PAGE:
Anaesthesia and your pets

in Animals & Pets

Justifiably clients are always worried about putting their animal under anaethesia, this article is geared to hopefully reassure clients and to show how veterinary medicine has grown in leaps and bounds to reduce anaethetic risk to your pet. 

Animals live for a comparatively short time , they have to compress the equivalent of our 70/80 years into around 15 years. The majority of us will undergo a surgical procedure at some point of our lives, the equivalent is the same for our pets. 

Pre-anaethetic checks?

All our animals are thoroughly checked prior to anaethesia. Vaccine history, lifestyle, and any medications all influence how your pet may respond to anesthesia. We recommend a pre-surgical examination and diagnostic tests that help identify any underlying conditions that should be addressed before your dog undergoes anesthesia.

Recommended diagnostic tests usually include:
Chemistry tests to evaluate kidney, liver, and pancreatic function, as well as sugar levels
A complete blood count (CBC) to rule out blood-related conditions

Electrolyte tests to ensure your dog isn’t dehydrated or suffering from an electrolyte imbalance

Additional tests may be added on an individual basis.

In addition to blood tests, we may recommend the following:
The placement of an intravenous (IV) catheter as part of the anesthetic preparation. The catheter can be used to provide anesthetics and intravenous fluids to keep your pet hydrated; additionally, if needed, it would serve as a pathway to directly administer life-saving medications, should a crisis arise.

ntravenous fluids to help maintain hydration and blood pressure. IV fluids also help your pet with her recovery process by aiding the liver and kidneys in clearing the body of anesthetic agents more quickly.

How your dog is monitored during anesthesia?

Several safeguards are put into place to help reduce your dog’s risk during anesthesia.

They include:
The surgical assistant/veterinary nurse: A nurse or assistant is present during the anesthetic event to monitor your dog’s vital signs and to help adjust anesthetic levels, under the direction of the veterinarian.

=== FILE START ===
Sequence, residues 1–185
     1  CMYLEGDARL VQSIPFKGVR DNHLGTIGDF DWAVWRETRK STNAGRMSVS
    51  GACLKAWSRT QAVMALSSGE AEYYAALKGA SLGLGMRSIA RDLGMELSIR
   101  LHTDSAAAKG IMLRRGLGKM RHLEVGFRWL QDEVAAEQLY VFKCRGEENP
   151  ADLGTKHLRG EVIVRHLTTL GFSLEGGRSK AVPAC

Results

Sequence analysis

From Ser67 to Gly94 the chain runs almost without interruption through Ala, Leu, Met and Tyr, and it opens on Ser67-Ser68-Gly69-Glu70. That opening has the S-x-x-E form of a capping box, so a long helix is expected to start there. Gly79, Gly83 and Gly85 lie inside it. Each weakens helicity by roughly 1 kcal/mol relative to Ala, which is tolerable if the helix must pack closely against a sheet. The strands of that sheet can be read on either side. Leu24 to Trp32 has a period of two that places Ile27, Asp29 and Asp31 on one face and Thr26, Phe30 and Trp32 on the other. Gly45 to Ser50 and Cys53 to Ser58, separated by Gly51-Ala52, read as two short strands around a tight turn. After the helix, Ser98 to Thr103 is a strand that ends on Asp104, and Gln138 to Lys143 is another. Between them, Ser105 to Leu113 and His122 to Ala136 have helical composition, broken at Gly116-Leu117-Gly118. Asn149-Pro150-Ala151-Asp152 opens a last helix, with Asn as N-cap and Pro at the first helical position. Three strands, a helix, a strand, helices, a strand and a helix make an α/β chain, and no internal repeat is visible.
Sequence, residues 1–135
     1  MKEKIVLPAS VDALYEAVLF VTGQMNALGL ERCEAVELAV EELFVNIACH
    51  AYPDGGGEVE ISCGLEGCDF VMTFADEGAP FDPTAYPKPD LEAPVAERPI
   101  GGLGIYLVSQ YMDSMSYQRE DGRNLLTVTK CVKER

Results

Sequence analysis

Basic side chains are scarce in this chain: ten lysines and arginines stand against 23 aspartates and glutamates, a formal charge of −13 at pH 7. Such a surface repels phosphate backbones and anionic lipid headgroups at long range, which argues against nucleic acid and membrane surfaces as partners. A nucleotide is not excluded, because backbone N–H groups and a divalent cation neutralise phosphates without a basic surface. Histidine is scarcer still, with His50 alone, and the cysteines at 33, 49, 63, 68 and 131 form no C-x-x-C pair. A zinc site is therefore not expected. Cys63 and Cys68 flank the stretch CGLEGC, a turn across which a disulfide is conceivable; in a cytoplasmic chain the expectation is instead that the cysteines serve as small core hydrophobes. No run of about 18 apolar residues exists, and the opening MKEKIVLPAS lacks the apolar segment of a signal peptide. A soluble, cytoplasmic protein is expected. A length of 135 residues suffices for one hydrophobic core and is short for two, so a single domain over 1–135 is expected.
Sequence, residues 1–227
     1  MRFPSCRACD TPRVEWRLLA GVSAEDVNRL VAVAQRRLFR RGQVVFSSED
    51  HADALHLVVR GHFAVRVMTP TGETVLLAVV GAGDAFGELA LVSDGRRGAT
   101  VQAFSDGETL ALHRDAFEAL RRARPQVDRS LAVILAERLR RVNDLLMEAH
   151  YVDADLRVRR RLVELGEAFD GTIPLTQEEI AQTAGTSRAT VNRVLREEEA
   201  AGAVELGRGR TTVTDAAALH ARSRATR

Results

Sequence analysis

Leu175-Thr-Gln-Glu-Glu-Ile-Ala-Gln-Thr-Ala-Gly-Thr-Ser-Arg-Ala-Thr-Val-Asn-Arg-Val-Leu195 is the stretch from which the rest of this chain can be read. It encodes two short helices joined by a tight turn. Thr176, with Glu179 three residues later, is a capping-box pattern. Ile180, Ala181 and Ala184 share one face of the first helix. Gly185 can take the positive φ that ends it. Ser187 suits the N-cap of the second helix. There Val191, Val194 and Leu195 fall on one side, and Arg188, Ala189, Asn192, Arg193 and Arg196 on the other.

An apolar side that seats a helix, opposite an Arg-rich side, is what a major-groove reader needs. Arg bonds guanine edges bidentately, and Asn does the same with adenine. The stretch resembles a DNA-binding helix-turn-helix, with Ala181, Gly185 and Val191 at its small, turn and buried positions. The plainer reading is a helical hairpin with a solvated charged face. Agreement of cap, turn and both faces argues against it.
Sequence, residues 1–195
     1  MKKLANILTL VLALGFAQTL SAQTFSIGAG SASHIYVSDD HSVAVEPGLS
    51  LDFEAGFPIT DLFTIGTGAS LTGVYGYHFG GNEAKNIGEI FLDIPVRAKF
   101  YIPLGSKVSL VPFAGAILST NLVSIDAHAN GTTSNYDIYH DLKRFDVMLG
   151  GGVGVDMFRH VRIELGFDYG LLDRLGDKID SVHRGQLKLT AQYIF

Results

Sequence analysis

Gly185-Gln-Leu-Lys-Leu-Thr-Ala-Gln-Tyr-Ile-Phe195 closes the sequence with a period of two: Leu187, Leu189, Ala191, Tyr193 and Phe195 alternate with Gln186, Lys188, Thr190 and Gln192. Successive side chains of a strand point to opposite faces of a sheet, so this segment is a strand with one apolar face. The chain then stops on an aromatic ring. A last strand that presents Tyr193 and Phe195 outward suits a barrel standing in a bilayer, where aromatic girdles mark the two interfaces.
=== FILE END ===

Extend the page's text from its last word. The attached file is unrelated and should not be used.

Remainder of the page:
A heart rate monitor counts your pet’s heartbeats per minute. Anesthesia and other factors, such as surgery itself, can affect heart rate. By monitoring your dog’s heart rate, your veterinarian can make anesthetic adjustments quickly.

An electrocardiogram (ECG) monitors your dog’s heart rate and heartbeat pattern. It can detect abnormal heartbeats called arrhythmias. If an arrhythmia is detected, your veterinarian can make suitable changes in anesthesia.

Core body temperature may be monitored, especially if your dog is undergoing a prolonged surgical procedure. Changes in body temperature can cause dangerous complications. 

A blood pressure monitor measures your dog’s blood pressure. When used in conjunction with other monitoring equipment, it provides detailed information on your pet’s cardiovascular condition.

Pulse oximetry will be used to monitor the amount of oxygen in your dog’s blood and her pulse rate. Any decreased oxygenation of the blood for a prolonged period can cause irreversible organ damage. 

Carbon dioxide (C02) is monitored together with oxygen, as it helps determine if your pet is receiving the right amount of oxygen during anesthesia.

Monitoring after surgery

Immediate care post surgery is just as crucial. After all surgeries our team closely supervises your pets, any postoperative complications, rare as they are, are picked up promptly. Recent improvements in anesthetic agents allow for a quick recovery, and your pet should almost be back to normal when you pick it up after the anesthetic event. It will be quiet for some time after the surgery but this is mainly dependent on what procedure it has undergone, for example a castrated dog will recover a lot faster than one that has gone through a laparotomy.


All the above is possible due to serious investment by the clinic where we are constantly upgrading the quality and care provided to our clients. Your pet’s safety during surgical procedures is paramount; a nurse is always assisting, monitoring the animal so that the veterinary surgeon can concentrate on the surgery. Our new anaesthetic machine will measure the concentration of exhaled anaethetic gases and will also ventilate your pet to give your treasured friend that extra level of protection. Anaethesia should not be taken lightly, there is always a small risk but this is mitigated by the quality of care.

100% Mortgage

Latest from Animals & Pets

A Vets Insight


A Vets Insight

Heat stroke The risks I have covered this subject before. But as summer…

A Vets Insight

The weather has warmed rapidly and with this comes the resurgence of…

0 £0.00
Go to Top